Information Technology / IT

  | James Innes

Careers in IT - A The CV Centre Guide

IT is an incredibly diverse discipline and, because nearly all organisations, from local high street retailers to the largest financial institutions, rely heavily on computers, a career in IT is one that can provide a wealth of opportunities.  You can choose to specialise in fields ranging from research, systems analysis, software development and testing through to database design, technical support, web development and project management.  Because of the competitive nature of the industry, it may be wise to have an idea of which area you wish to specialise in, although it is important not to narrow your options too far.  The industry is one that changes and develops rapidly so the ability to be flexible is essential.

Choosing the IT environment you wish to work in can effectively be categorised as a choice between development or user-based.  Working within a development organisation will mean becoming involved in the complete lifecycle from design and programming to testing and implementation.  A user-based environment will involve determining user requirements, providing support and training, maintaining and configuring products and systems, and ensuring the security and integrity of company information.  Essentially, this is a customer-facing environment where problem solving and communication skills will prove invaluable.

Entry requirements

There are as many routes into the industry as there are career paths to follow.  Graduate entry is very common with the option to choose a non-IT subject, which will reflect the diversity of your skills set, or one of the many specialist IT degrees including Computer Science, Computer Communications, e-Commerce, Business Information Technology and Web Computing.  Many non-IT degrees now also offer computer-related modules because of the overwhelming desire of many employers to recruit graduates who have a good understanding of the use of computers.  Another benefit would be to study a foreign language as part of your degree due to the increasing number of overseas opportunities.  No matter what degree option you do choose, employers are looking for well-grounded graduates who not only understand how to use computers but can also demonstrate skills in communication, team working and problem solving.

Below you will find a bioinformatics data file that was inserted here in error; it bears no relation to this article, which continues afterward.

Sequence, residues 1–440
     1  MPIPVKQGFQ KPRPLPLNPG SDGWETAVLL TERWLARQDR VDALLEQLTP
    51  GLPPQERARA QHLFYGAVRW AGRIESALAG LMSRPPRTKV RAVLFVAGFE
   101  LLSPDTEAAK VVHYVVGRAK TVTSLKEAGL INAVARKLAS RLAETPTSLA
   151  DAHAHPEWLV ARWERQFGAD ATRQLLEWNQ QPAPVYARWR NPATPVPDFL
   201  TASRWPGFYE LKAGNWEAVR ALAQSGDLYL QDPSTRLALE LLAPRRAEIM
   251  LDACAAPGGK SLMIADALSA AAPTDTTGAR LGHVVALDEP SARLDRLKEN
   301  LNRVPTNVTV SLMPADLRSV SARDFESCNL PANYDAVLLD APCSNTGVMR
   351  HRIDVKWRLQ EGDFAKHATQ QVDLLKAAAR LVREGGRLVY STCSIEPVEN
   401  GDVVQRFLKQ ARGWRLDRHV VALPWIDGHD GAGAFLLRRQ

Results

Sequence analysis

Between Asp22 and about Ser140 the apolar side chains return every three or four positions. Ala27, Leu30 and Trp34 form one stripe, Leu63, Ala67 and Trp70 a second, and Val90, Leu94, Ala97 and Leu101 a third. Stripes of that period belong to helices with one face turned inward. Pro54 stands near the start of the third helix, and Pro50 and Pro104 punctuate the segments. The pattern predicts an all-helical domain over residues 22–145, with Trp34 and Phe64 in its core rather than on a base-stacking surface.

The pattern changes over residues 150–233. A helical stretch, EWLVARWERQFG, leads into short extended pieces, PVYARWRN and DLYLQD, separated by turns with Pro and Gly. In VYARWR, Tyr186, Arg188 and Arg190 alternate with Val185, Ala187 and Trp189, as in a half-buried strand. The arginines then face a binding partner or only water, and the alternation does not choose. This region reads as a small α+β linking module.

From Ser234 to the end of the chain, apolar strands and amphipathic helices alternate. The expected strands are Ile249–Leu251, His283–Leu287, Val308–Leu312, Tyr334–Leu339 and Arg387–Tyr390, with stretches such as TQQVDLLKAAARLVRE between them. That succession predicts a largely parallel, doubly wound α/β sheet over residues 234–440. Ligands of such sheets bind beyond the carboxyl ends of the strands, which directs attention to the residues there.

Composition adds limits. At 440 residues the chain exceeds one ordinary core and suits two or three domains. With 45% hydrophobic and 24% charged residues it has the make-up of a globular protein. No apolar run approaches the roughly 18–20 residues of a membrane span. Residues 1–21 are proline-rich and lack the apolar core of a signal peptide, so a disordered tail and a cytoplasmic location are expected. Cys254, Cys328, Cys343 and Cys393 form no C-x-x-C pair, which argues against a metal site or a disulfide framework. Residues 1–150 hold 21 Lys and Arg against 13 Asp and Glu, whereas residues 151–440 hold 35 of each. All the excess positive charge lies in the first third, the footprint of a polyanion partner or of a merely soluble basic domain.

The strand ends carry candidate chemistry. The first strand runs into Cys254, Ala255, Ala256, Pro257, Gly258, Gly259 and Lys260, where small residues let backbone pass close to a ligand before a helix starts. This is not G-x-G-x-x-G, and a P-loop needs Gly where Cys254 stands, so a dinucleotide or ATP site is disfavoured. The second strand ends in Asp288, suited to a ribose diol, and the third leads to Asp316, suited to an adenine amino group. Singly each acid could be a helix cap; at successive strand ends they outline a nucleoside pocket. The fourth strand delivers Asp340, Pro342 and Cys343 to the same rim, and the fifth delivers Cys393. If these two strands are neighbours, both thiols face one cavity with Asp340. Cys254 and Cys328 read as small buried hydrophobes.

Commercial qualifications, such as those accredited by Novell, Cisco, Microsoft and Oracle, are also useful routes into the industry.  These will enable you to specialise in specific IT disciplines but are less valuable if you are hoping to become more broadly involved in sales or marketing, for example.  You can study for chartered membership of the British Computer Society or the Institute of Electrical Engineers and take advantage of the numerous benefits available to you as a result.

Qualifications are obviously extremely important for entry into the IT industry but many employers also look for people who have actually demonstrated their competence within a professional environment.  If possible, undertake an industry placement as part of your degree and actively seek voluntary or paid employment during vacations.  Being able to actually apply the skills and technologies that you have studied could set you apart from other candidates for the same job.

Progression opportunities

Although the IT industry has experienced recruitment slumps resulting from the crashes and the anti-climax following Y2K, it is still an extremely popular and relatively well-paid industry sector.

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